Academic Integrity in the Age of Online Learning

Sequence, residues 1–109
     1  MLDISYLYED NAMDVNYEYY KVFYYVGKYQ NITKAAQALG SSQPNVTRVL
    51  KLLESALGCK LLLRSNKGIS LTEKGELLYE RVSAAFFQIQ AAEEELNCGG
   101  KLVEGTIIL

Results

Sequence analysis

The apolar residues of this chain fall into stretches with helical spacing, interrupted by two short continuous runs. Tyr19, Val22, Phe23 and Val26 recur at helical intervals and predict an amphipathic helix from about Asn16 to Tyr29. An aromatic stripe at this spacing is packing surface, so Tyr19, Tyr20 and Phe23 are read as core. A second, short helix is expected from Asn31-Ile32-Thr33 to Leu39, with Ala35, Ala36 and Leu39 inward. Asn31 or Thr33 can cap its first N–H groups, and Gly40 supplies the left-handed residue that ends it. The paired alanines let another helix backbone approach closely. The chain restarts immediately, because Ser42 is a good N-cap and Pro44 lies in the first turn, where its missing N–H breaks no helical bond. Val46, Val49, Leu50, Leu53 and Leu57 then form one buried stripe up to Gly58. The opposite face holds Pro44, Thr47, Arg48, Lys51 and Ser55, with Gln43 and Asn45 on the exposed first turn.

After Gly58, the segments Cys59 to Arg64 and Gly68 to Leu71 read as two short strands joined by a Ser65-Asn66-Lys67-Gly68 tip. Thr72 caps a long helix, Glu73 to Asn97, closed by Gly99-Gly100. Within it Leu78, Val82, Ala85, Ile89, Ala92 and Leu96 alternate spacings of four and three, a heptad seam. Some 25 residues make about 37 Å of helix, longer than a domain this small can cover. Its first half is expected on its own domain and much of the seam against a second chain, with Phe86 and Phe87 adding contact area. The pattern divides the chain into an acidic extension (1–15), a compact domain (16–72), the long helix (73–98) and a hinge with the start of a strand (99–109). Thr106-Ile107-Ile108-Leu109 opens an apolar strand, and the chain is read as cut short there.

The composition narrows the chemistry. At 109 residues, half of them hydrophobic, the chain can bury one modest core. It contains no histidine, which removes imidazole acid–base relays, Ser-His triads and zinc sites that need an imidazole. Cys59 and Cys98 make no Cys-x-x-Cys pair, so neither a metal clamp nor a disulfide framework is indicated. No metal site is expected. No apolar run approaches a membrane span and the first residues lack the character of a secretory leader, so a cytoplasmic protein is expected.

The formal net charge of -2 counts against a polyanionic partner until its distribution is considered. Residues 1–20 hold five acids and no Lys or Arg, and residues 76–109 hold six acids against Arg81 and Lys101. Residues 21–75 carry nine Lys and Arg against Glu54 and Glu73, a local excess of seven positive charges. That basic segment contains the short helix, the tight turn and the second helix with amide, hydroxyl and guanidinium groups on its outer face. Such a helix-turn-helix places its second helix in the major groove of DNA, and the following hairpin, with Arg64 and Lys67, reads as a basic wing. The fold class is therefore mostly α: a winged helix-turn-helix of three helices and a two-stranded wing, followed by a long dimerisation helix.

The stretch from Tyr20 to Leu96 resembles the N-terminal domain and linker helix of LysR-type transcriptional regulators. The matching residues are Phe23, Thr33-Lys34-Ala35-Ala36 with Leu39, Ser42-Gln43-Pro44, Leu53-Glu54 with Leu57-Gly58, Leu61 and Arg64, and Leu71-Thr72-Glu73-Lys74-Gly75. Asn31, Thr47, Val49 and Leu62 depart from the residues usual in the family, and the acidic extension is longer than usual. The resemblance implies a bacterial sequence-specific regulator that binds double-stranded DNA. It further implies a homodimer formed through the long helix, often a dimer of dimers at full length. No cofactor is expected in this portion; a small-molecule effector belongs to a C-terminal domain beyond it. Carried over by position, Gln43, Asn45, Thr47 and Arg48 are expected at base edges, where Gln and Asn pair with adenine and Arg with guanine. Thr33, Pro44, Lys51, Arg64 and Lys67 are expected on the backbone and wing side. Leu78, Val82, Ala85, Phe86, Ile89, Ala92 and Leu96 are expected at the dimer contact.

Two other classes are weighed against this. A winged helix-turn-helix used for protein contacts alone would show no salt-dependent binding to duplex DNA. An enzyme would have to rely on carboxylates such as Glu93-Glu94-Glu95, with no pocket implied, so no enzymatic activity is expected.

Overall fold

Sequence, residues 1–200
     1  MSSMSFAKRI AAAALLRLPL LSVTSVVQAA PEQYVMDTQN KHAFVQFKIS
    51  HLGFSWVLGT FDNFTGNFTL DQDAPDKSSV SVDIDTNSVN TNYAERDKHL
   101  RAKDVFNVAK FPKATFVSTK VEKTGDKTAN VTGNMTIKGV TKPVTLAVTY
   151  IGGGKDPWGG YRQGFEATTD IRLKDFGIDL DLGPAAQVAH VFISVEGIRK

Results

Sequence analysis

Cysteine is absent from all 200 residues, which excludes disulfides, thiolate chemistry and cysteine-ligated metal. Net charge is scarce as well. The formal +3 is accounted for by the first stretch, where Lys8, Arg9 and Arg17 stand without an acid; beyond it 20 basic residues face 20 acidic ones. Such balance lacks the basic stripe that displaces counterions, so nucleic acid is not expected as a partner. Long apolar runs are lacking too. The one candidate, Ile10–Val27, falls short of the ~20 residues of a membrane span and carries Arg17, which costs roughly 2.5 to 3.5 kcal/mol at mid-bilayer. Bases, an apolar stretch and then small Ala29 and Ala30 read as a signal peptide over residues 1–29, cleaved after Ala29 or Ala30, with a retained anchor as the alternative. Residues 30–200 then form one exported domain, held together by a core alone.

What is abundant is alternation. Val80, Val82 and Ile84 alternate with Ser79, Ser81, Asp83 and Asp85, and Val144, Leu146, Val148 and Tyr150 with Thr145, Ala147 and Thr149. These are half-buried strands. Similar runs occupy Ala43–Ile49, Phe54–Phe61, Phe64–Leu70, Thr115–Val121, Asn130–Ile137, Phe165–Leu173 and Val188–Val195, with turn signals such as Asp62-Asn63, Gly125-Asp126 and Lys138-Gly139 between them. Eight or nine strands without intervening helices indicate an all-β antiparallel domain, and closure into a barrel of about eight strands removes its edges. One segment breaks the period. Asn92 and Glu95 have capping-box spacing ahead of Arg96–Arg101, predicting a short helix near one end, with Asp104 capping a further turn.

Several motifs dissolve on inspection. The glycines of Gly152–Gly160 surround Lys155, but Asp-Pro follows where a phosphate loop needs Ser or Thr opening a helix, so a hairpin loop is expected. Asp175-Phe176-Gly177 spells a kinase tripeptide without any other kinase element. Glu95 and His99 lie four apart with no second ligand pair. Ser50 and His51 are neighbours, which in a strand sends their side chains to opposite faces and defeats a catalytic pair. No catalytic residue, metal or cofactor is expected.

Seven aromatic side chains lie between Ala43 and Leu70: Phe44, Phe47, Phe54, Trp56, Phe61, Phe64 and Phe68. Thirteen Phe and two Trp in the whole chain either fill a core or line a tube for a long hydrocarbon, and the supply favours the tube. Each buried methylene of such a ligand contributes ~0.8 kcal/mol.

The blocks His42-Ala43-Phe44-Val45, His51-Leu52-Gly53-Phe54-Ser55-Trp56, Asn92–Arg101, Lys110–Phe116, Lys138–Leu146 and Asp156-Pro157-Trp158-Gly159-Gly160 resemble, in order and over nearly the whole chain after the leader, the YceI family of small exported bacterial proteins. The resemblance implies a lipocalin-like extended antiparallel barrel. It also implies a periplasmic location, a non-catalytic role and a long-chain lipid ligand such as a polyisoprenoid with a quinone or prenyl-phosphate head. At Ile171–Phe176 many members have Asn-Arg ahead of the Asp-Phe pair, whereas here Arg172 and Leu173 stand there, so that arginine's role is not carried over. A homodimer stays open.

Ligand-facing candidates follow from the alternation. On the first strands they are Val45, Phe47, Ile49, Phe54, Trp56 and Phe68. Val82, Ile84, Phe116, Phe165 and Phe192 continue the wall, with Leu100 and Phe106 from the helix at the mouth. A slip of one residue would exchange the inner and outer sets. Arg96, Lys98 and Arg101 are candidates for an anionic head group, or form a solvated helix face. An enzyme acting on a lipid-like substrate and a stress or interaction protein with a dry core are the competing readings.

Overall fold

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Wiley—Academic Integrity In the Age of Online Learning 2 Beginning in March 2020, schools all over the country began canceling in-person classes and moving instruction to an online format. The result? Hundreds of thousands of students left their campuses to continue their college courses online. In fact, online education has grown rapidly over the past two decades, with over 90 percent of higher education institutions having some sort of online course offering. 1 There are a myriad of motivations and rationale for incorporating online learning into higher education. These run the gamut from increasing revenue to providing more flexible access to instruction and educational content for a broader population of students. However, having all educational experiences simultaneously move online (many mid-semester) in response to a global health crisis is not an ideal scenario. No one would have anticipated this sudden mass exodus from in-person instruction to distance learning, and it's safe to say not all educators and institutions were adequately prepared for it. Even though many colleges have been expanding their online offerings in recent years, the sheer volume of students moving to online courses in one fell swoop was unprecedented. Of course, online education is more than signing up for video conferencing accounts, having educators post resources online, and hoping for the best. Good teaching is good teaching, and good online teaching requires just as much thought, practice, and planning as in- person teaching does. At many institutions, there's already a small cadre of teachers leading the way and embracing the transition to online learning. These educators have been honing their skills in the online format for some time; while others may not have the desire, nor the need to do so. As a result, what we are faced with now is more akin to what one educator referred to as "emergency remote learning," rather than interacting with purposeful, well-designed learning experiences. Educators all over the country are reacting to a crisis situation and trying, in real time, to fit their traditional, in-class experience into an online format. This means that few of the components which could potentially enhance the quality of an online course, for example personalization, adaptivity, virtual labs, or the ability to engage asynchronously, are likely missing. Perhaps the phrase "square peg into a round hole" comes to mind? Not only does teaching online require practice and a shift in mindset, so does learning online. As Kevin Carey wrote in The New York Times 2 in March, "There's a structure inherent to learning on campus, a rhythm and tangibility that keeps students connected to the academic community. Some students easily adapt to a virtual environment. Others don't. Now students [who are] used to learning one way will have to adapt quickly. Research suggests that academically marginal undergraduates struggle the most in fully online classes." The shift to online education for everyone also brings into sharp focus issues of inequity surrounding access and opportunity. Taking online classes requires students to have access to a reliable internet connection—something not possible for all students. In many areas of the country (both rural and urban), internet access is either unavailable or is unreliable; while in other areas, internet may be available, but unaffordable. Many low-income families rely on their phones for internet access, but phones are not an ideal option for completing online assignments or engaging in a virtual learning experience. And even if you have access, you still need equipment such as web cameras, physical space to work and study, and a computer at home, which many students do not have. As a result, many low-income families are worried about distance learning because they don't have devices or internet access at home. Cheating In Online Learning Environments One of the challenges posed by shifting to an online learning environment is how best to administer exams and other graded assignments. By using technology, education can reach more students and has the potential to augment more traditional learning experiences. Technological advances in teaching and learning, however, can also lead to new and easier ways for students to cheat. If they so desire, students can download and save course content, work in pairs or groups (when collaboration is prohibited), share test questions online, use the internet to look up questions, and so on. Like it or not, taking exams at home opens up a world of potential and perceived cheating possibilities. The prevailing student opinion seems to be

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